invasiveWorking with high school students, I see a lot of youth with sports injuries.  I can name a long list of students who have torn their ACL, “blew out their knee”, or “tore up their shoulder”.   Not too many years ago, each of these included going “under the knife” with a beautiful scar to show everyone when you finished.  Today, however, these, along with so many other surgeries, are accomplished through non-invasive means. Often just a simple little cut where a surgical tool can be inserted, and then like a giant video game, the doctor performs the procedure watching a monitor while guiding the work with a joy stick.

Given an option of invasive vs. non-invasive, I have yet to meet anyone who says, “Oh please give me the invasive surgery. I always wanted a big scar and a longer recovery”.  We so often go the route of simplicity.  I am a good example of this.  Many people have told me how delicious crab legs are, but I still order a filet or some other dish that does not require the use of tools to eat.  “Too much work” is the mantra I have spoken many times.

The advances in medical science are exciting and great news for those of us in need of repairs.  However, this non-invasive, simple  approach does not work when it comes to matters of faith.  This life of comfort and simplicity has become so ingrained in us that we often seek a non-invasive, easy faith.  We seek a faith that does not cut too deep, or leave any scars.  We want a faith of comfort and convenience.  Wilbur Rees, in his 1983  Leadership Magazine article  "$3 Worth of God", wrote about this non-invasive faith.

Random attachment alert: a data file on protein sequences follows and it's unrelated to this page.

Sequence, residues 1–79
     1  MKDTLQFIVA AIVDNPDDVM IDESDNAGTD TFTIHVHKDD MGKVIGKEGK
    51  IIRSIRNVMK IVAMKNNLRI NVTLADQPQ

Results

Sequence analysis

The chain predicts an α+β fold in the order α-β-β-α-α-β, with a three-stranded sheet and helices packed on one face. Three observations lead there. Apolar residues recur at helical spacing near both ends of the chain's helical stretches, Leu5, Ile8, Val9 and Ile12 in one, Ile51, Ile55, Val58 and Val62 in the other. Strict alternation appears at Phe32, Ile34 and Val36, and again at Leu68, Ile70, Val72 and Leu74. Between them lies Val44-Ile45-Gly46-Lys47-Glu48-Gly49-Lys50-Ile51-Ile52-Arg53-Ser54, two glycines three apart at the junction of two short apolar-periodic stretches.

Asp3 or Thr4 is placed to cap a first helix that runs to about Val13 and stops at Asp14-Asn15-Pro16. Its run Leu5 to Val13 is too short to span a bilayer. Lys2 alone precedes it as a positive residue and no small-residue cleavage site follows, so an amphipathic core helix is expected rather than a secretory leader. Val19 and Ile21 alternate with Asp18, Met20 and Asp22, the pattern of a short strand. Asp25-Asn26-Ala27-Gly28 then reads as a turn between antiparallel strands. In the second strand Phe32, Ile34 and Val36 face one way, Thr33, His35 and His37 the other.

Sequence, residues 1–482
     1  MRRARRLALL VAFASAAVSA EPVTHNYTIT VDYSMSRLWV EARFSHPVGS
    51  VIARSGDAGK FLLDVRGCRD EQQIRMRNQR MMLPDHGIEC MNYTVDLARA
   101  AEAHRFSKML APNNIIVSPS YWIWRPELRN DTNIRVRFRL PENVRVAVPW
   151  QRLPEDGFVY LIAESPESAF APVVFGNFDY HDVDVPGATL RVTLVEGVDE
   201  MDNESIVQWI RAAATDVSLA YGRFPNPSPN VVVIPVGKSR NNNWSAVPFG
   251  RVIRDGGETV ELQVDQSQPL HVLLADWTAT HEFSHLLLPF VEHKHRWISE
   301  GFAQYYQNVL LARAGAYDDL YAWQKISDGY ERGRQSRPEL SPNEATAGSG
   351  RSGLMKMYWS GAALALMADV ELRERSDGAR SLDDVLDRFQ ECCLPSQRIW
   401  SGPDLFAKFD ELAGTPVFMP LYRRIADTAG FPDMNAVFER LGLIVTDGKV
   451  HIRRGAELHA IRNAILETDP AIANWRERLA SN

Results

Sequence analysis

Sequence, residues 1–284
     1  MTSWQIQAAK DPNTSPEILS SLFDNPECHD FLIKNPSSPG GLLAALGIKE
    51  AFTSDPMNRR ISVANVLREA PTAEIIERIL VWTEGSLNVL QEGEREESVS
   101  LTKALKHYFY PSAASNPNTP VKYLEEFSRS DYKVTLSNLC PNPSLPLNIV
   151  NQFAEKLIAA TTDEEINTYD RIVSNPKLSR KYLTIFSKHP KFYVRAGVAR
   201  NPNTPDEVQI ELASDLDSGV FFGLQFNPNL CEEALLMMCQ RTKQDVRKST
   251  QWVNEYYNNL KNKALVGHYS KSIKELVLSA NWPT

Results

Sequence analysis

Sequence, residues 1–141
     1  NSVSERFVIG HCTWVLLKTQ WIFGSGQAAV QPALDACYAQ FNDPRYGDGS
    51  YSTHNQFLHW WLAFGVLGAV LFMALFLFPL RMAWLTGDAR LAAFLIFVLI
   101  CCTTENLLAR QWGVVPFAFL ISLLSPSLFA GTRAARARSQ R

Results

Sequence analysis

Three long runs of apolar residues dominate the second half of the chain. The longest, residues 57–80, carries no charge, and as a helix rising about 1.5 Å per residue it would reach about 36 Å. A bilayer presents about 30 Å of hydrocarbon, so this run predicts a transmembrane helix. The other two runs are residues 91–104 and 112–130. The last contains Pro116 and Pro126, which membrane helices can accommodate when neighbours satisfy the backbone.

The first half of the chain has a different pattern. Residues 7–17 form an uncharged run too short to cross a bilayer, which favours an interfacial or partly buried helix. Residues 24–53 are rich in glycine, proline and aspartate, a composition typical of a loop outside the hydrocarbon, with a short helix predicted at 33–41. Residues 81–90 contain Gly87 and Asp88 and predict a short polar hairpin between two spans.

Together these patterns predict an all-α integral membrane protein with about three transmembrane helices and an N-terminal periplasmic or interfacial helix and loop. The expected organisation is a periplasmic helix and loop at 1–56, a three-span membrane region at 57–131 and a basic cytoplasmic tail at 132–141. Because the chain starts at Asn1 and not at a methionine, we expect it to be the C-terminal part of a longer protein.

“I would like to buy three dollars’ worth of God, please, not enough to explode my soul or disturb my sleep but just enough to equal a cup of warm milk or a snooze in the sunshine. I don’t want enough of Him to make me love a black man or pick beets with a migrant. I want ecstasy, not transformation; I want the warmth of the womb, not a new birth. I want a pound of the Eternal in a paper sack. I would like to buy three dollars’ worth worth of God, please.” Wilbur Rees, Leadership Magazine, Winter edition 1983, "$3 Worth of God," Vol. IV, No. 1, p. 107

This kind of non-invasive faith is not just poor theology, it is life threatening. The Bible is full of reminders of the real, genuine, invasive nature of true faith.  This faith is born out of the presence of God in our life.

1 Corinthians 3:16 (NIV)
16 Don’t you know that you yourselves are God’s temple and that God’s Spirit lives in you?

When God’s Spirit calls us to faith, He calls us not to comfort but to transformation. 

? Romans 12:2 (NIV)
2 Do not conform any longer to the pattern of this world, but be transformed by the renewing of your mind. Then you will be able to test and approve what God’s will is—his good, pleasing and perfect will.

We are even reminded that this life of transformation, this invasive faith is not an easy journey. In fact we may have a scar or two to show as a result of this life of faith.

Romans 5:3-5 (NIV)
3 Not only so, but we also rejoice in our sufferings, because we know that suffering produces perseverance; 4 perseverance, character; and character, hope. 5 And hope does not disappoint us, because God has poured out his love into our hearts by the Holy Spirit, whom he has given us.

Next time some one asks you about invasive or non-invasive surgery, choose wisely and weigh your options,  Next time you have the option of invasive or non-invasive faith – go with invasive, it it the true nature of faith and leads to life!

Romans 8:11 (NIV)
11 And if the Spirit of him who raised Jesus from the dead is living in you, he who raised Christ from the dead will also give life to your mortal bodies through his Spirit, who lives in you.

<>< Craig